True Blood: Plastiscines Are In Fact Good

Alan Ball was known for his masterful use of music in Six Feet Under. He's lost none of his touch when it comes to his current HBO series, True Blood -- which happens to be set in the Louisiana swamps, not terribly far from Houston.

True Blood: Plastiscines Are In Fact Good

Even when a show is having a great season, as True Blood is, you get episodes that aren't bad but really don't offer anything other than moving the basic plot along and some necessary explanations. They're the oil change of episodes; necessary but not really memorable. "You're No Good" is definitely in that category.

Eric has kidnapped the daughter of the governor of Louisiana. Plan 1 is to kill her just to be a spiteful bastard, but when she turns out to be full of information about the vampire concentration camps he spares her and decides to use her as a hostage. It's pretty fun for exposing the plans of her father, but Amelia Rose Blaire doesn't really have a lot to work with playing the "Daddy's Girl Drawn to the Bad Boy" thing with all the subtlety of a freshman boob grab. Yes, we get it, you're hot for Alexander Skarsgård. This is not a shocking revelation.

On another front, Bill is still really into the idea that he is the vampire messiah. This leads him to believe that he is now immune to the sun, which gives us the always-hilarious image of a vampire setting himself on fire. I try not to be petty, but there's just something lovely about all that power being used by idiots.

Still, Bill is determined to stop his vision of a vampire Holocaust, and all but kidnaps Sookie hoping to synthesize fae blood for a cure against the sun. She refuses, and even though he is no longer bound by the invitation rule, he leaves after telling her she is dead to him.

True Blood: Plastiscines Are In Fact Good

God mad and still unable to break free from his feelings for Sookie... that sounds like the exact sentiment from this week's credit tune and the episode's namesake, "You're No Good." The sultry tune about being over and done with an ex-lover has been a hit for half a dozen artists since Clint Ballard first penned it in the '60s, including Betty Everett, The Swinging Blue Jeans and of course Linda Ronstadt, who took the song to No. 1 on the charts.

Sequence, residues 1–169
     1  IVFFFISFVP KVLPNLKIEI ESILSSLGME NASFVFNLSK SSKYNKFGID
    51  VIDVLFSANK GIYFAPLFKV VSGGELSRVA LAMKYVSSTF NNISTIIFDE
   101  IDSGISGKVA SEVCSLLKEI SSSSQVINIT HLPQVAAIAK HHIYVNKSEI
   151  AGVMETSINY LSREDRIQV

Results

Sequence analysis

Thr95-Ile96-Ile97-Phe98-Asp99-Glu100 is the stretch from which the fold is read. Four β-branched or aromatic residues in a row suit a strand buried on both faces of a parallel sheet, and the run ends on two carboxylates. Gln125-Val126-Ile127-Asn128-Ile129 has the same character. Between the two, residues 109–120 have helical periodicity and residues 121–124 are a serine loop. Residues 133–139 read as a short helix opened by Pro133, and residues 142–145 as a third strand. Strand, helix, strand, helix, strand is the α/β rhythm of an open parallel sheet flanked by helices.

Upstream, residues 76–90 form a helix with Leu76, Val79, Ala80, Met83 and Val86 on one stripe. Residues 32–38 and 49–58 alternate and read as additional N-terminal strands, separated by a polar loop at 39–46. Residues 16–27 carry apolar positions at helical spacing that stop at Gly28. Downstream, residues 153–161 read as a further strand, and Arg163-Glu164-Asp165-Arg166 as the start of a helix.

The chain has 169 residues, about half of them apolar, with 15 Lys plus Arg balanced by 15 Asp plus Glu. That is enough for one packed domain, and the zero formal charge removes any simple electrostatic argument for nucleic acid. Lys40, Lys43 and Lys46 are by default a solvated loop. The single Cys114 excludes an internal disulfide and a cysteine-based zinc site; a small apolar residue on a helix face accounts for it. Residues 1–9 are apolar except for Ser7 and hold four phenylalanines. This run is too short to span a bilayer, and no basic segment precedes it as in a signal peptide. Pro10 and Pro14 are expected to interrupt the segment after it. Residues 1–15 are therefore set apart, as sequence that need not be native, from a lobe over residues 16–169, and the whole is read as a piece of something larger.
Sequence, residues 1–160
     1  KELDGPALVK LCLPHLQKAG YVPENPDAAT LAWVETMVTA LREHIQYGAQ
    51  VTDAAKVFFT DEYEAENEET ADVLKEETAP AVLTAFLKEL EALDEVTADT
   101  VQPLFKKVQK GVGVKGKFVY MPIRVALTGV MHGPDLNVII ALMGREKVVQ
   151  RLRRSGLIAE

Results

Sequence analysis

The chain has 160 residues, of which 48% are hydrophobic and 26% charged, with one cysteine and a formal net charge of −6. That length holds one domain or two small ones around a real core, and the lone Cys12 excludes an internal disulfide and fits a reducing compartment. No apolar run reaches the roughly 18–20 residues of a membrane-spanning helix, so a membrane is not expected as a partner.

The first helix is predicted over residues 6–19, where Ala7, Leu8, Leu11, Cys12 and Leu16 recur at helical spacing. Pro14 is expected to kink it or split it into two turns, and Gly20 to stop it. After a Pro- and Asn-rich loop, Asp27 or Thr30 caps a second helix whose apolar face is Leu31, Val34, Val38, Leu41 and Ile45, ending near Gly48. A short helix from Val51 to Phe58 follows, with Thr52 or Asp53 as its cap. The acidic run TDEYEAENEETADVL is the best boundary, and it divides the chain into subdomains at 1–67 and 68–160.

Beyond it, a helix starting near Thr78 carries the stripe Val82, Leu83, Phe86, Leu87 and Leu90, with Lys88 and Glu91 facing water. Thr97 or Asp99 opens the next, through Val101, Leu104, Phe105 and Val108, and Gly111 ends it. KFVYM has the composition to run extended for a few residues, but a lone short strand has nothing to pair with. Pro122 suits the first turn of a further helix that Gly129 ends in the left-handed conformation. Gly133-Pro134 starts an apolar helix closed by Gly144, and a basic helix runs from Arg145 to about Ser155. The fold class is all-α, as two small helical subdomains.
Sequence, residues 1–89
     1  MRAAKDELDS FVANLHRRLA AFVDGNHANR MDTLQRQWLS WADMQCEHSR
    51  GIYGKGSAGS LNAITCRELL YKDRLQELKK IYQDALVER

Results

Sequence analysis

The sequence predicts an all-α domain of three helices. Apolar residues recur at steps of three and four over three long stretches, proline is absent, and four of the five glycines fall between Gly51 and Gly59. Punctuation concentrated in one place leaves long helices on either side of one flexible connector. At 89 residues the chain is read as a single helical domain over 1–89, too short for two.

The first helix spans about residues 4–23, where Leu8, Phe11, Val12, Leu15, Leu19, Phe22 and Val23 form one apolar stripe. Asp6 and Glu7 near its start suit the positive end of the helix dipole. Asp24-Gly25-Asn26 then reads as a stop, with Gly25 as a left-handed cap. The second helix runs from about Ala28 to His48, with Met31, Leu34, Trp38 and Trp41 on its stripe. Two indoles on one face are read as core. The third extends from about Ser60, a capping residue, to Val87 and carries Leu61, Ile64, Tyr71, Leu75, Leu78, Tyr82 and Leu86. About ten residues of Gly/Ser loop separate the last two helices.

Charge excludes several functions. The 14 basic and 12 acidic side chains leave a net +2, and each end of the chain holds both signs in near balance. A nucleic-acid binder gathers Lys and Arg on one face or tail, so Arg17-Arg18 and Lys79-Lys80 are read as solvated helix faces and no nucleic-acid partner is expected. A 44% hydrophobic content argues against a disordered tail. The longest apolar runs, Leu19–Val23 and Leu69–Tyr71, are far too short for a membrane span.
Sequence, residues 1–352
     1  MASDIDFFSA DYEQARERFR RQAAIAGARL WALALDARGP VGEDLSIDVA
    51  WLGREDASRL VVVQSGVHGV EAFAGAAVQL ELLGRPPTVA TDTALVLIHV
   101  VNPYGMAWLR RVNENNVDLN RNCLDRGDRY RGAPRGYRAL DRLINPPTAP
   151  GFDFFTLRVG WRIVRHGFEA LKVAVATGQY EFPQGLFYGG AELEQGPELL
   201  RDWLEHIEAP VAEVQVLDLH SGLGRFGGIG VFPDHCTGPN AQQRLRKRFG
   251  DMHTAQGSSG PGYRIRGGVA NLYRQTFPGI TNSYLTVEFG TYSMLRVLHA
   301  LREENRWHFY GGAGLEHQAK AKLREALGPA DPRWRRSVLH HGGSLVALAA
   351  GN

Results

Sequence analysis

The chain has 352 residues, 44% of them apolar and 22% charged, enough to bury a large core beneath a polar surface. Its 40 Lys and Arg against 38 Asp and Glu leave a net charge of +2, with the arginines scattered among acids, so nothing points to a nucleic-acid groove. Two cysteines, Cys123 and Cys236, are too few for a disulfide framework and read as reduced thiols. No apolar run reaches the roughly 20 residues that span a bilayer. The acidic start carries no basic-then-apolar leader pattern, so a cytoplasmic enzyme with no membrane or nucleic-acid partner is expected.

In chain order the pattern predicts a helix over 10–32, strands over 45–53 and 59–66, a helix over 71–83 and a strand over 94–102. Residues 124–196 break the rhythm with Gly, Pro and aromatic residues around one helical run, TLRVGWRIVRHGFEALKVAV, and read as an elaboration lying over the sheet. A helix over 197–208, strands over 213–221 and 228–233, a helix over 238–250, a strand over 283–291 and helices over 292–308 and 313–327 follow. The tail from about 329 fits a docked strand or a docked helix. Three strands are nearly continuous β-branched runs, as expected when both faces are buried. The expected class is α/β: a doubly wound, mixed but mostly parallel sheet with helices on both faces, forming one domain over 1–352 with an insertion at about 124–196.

It wasn't Ronstadt who sang the tune used in Sunday's "It's No Good," though. Instead it was a new Franch band, Plastiscines, who get their name from a lyric in "Lucy and the Sky With Diamonds." Discovered by Kraftwerk producer Maxime Schmitt, the all-girl band has been making great strides in French rock music, where they are part of a movement to further Anglicize the French music scene with English lyrics.

In France, stations are required to play include 40 percent of French-language-only music on the radio, which irks bands like Plastiscines who cut their teeth on American and English rock and roll.


Their "It's No Good" comes from the band's 2009 EP, Barcelona, and it's a hell of a kick in the pants. The verses of the song are hauntingly empty, usually with very minimalist instrumentation under Katty Besnard's voice, until they explode with an almost punk-rock power in the choruses. They eschew the oversung style most girls seem to bring to the classic tune, and use jabs rather than musical roundhouses to make their points.

It's the best way to show the slow rage that seems to be enveloping both Bill and Eric. Neither man ever seems to raise their voice in the course of their battles in the episode despite being under intense stress. There's a calm to them that in no way dilutes their fear or anger that's possible only because of what they have come out on the other side of.

In a way, they were both broken by the rejection of Sookie, and are in a sense living in the consequences of their plots and scars in that regard. It's a dawning realization of who is the bad guy in the scheme of things that makes them dangerous. That song may talk about being over bad love adventure, but no one sings that song unless they're still bleeding. And wounded predators are the most dangerous kind.

Jef With One F is a recovering rock star taking it one day at a time. You can read about his adventures in The Bible Spelled Backwards or connect with him on Facebook.

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